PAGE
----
The news story bewildered Sue Schilling, a Brigantine city councilwoman and adoptive mother.
A woman in Atlantic City had sued the state for $1 million for allegedly revealing her identity to the daughter she surrendered for adoption 30 years ago.
Schilling is a proponent of unconditional birth certificate access for adopted New Jersey residents, which would include the name of the birth parents. However, the state has no such provision now, so Schilling could not believe that the family information could have slipped through without mutual consent.
"I consider us very lucky that we were able to get so much" medical history from her daughter's birth relatives, Schilling said. "I have no clue how this thing that's going on now reached that point."
And as a parent who witnessed her daughter's "very positive" reconnection with her birth parents, she could not relate to the plaintiff's anguish.
The plaintiff's attorney, Matthew Weisberg, said he could not believe how much attention the case attracted after the lawsuit was filed in U.S. District Court on June 18. He primarily fields cases of individual and consumer rights, but he never handled what he called "an adoption civil-rights case" before.
"Since then, I have received a lot of e-mails and now understand that it's a very polar issue," Weisberg said.
Though even supporters of privacy for birth parents acknowledge that adoption regulations are trending more toward openness, the adoptee-rights lobby Bastard Nation commends only six of the 50 states for granting adoptees unrestricted access to their birth certificates and medical records.
New Jersey is not among them.
"I'm just really puzzled by the whole story because I know people from New Jersey who have tried for years and years to get information and can't get anywhere," said Marley Greiner, Bastard Nation's executive chair.
Various state legislators have tried for years to pass bill that increase adoptees' access to their records.
A measure sponsored by Sen. Loretta Weinberg, D-Bergen, which would provide adoptees' their medical history without revealing their parents' names, is lodged in committee. She said Sunday she hopes for it to get attention in the fall after larger issues such as the budget fracas have subsided.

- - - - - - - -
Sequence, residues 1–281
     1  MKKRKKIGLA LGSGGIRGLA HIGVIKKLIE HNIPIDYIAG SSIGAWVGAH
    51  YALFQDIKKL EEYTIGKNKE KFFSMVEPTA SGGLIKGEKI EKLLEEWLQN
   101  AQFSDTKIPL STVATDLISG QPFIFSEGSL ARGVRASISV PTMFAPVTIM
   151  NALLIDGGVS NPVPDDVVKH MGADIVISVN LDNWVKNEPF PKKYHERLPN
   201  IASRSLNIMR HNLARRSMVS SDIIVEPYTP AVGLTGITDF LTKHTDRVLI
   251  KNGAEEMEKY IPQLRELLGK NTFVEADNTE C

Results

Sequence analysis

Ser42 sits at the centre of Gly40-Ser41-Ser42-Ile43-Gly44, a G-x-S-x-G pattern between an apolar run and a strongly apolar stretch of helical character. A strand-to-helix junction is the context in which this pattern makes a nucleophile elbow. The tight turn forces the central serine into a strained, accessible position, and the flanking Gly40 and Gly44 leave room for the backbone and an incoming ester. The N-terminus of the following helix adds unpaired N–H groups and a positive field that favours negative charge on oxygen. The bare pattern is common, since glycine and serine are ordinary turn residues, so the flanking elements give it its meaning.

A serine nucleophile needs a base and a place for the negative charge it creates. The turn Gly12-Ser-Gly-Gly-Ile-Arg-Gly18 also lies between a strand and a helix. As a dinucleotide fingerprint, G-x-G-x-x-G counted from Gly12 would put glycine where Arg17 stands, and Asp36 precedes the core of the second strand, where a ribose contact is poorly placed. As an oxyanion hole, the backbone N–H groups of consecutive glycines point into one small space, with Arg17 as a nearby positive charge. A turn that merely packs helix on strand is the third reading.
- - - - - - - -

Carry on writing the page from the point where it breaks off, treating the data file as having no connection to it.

Asked why the issue has not gotten more traction in the past, the senator replied, "Issues involving families are always a challenge. There are usually emotional feelings surrounding them."
Bastard Nation and other adoptee-rights lobbies have fought compromise measures such as Weinberg's. The National Council for Adoption is pro-privacy but recognizes the changing landscape.
"In today's practice, most adoptions have some kind of openness component, so there's already some kind of relationship established," said council Vice President Chuck Johnson, who is both an adopted son and an adoptive father.
"I understand the importance of health background. ... But I do think an injustice was done" to Weisberg's client, Johnson said.
More than 30 years ago, the plaintiff - whose name The Press of Atlantic City is withholding-gave birth to a baby girl conceived by rape, according to the lawsuit. She yielded the child to adoption and wanted no further contact with her, an arrangement she assumed the state would preserve.
The woman did not respond in August when the state informed her that someone who had been adopted sought information about her. Her purported daughter got her name and address anyway, and visited the plaintiff's Atlantic City home in December.
The plaintiff became upset and is suing on the basis of privacy violation and emotional distress, according to the lawsuit.
"This woman had a responsibility. If she did not want this information released, she should have replied to that letter. Ethically, she should have," Greiner said.
The state Attorney General's Office has not commented on how DYFS handled that case.
Schilling said her adopted daughter always wanted information on her birth parents.
In that case, the agency's letter to the birth father was promptly met with a positive response, and the exchange of medical history helped Schilling's daughter when she gave birth to her own daughter.
Weisberg expects the state to pursue dismissal of his client's lawsuit and for the case to proceed further, perhaps with a hearing in three months.
The lawyer did not know how long the meeting between his client and her daughter lasted. But he is all but certain no second meeting was arranged.
"There's always exceptions and perhaps extenuating circumstances, nothing is ever 100 percent and every case would be different," Schilling said. Though she still sees more positives than negatives in opening up adoption records, "this one is obviously very unfortunate."
ON THE WEB
New Jersey Bill S2263:
National Council for Adoption:
E-mail Eric Scott Campbell: